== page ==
This site is operated by a business or businesses owned by Informa PLC and all copyright resides with them. Informa PLC's registered office is 5 Howick Place, London SW1P 1WG. Registered in England and Wales. Number 8860726.
If ever there was a Flash developer whose business model depends on multiple revenue streams, it's indie studio PixelJam Games, the brainchild of co-owners Miles Tilmann in Seattle and Rich Grillotti in Eugene, OR.
But that wasn't the duo's original strategy when, at the end of 2004, they launched their first game in the retro, low-res, big-pixel style of the Atari 2600 and Super Nintendo that would become their signature look.
"Our plan had been to quit our jobs as illustrators and designers, spend six months making a game, and live off the donations that we hoped gamers would send us because they liked our game so much," recalls Tilmann. "I guess you could call our plan 'Hope For The Best.' In retrospect, I'd say we were kind of naïve."
When money didn't start pouring in, the pair tried a different tack, this time securing an exclusive sponsorship for their second game, Rat Maze 2, which took them a month to build.
"We got $5,000 in upfront money which we thought was great at first," says Tilmann, "until we realized that that was all the money we were ever going to see from the game. And that $5,000 for two people working a month wasn't going to keep the business going."
The two quickly recognized their business model needed modifying. The resultant strategy of using multiple revenue streams was what made their game Dino Run their most successful, even though it took them seven months to build.
"We went from zero advertising and all donations to sponsorships to our present strategy," explains Tilmann, "which incorporates three separate revenue streams, none of which we could get by on alone. But, together, they support our business quite nicely."
PixelJam Games' Dino Run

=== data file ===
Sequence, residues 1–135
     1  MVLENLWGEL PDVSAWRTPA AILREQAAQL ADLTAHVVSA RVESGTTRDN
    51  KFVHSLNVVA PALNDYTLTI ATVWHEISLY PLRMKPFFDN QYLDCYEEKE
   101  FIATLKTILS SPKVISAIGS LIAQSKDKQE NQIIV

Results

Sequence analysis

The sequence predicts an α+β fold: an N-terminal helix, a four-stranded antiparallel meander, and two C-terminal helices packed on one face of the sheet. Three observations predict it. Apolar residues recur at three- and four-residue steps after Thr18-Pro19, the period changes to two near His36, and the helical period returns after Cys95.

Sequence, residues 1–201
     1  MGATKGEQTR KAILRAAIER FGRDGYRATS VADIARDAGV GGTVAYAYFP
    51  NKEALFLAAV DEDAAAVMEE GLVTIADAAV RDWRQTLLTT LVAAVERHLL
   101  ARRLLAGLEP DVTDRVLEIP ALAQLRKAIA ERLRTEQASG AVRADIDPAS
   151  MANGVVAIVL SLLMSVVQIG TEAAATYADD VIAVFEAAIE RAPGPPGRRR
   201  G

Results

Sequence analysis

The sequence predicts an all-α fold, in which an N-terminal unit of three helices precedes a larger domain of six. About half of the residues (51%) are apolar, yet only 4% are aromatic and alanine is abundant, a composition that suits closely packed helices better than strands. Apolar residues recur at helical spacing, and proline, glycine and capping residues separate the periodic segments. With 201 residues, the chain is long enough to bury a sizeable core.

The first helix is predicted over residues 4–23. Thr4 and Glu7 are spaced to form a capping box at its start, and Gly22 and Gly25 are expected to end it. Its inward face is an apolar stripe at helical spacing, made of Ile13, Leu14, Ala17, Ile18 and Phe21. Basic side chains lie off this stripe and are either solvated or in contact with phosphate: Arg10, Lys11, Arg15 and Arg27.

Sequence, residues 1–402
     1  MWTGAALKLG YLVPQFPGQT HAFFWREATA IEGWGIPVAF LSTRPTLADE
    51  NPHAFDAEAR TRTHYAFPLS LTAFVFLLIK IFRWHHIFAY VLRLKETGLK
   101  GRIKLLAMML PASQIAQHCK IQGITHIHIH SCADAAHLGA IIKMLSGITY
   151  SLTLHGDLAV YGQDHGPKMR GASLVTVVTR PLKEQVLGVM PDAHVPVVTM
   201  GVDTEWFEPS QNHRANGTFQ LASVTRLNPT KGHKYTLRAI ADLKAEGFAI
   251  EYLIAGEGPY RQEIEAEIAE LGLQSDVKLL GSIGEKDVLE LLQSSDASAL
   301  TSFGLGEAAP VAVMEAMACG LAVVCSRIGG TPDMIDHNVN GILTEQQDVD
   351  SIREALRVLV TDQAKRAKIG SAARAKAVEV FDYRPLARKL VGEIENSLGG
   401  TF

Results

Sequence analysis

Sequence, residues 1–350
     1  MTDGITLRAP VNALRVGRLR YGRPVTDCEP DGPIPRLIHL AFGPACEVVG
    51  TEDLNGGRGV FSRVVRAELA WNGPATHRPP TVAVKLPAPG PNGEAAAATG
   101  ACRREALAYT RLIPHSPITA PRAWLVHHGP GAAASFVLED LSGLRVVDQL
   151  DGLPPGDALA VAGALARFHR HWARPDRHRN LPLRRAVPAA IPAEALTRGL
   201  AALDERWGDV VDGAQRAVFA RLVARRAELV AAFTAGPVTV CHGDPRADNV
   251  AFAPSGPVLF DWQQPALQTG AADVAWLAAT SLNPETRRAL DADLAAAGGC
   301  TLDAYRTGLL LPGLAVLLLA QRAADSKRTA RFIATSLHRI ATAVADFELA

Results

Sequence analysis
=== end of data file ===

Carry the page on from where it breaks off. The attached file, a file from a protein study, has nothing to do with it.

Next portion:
Stream one involved micro-transactions. While Dino Run is free to play, a small donation gives gamers a code that enables them to customize their dinosaur, perhaps change his color or put a hat on him. Some gamers send a penny, others have sent as much as $100. "We let people decide what the game is worth to them," comments Tilmann. Micro-transaction donations generated about $4,000, lifetime to date all told.
Step two involved advertising -- a combination of Google ads on the PixelJam pages (generating about $4,000 in total thus far) plus pre-load ads from MochiAds (generating about $1,500) and revenue shares with other sites (generating about $6,000).
The third -- and most successful -- revenue generator involved licensing, which brought in about $22,000.
"For games the size of Dino Run, licensing is the best way to go," notes Tilmann. "They are paying you for the right to put your game on their site and you have the ability to sell as many licenses as you'd like. In fact, we got two really good deals through FlashGameLicense.com."
Bottom line: The three revenue streams have brought in approximately $40,000 for seven months' work with more still trickling in.
"We chose not to go the proprietary sponsorship route," says Tilmann, "because we couldn't secure one that would cover the seven months it took us to build the game.
Sponsorships tend to make more sense when a game only takes two or three weeks to make."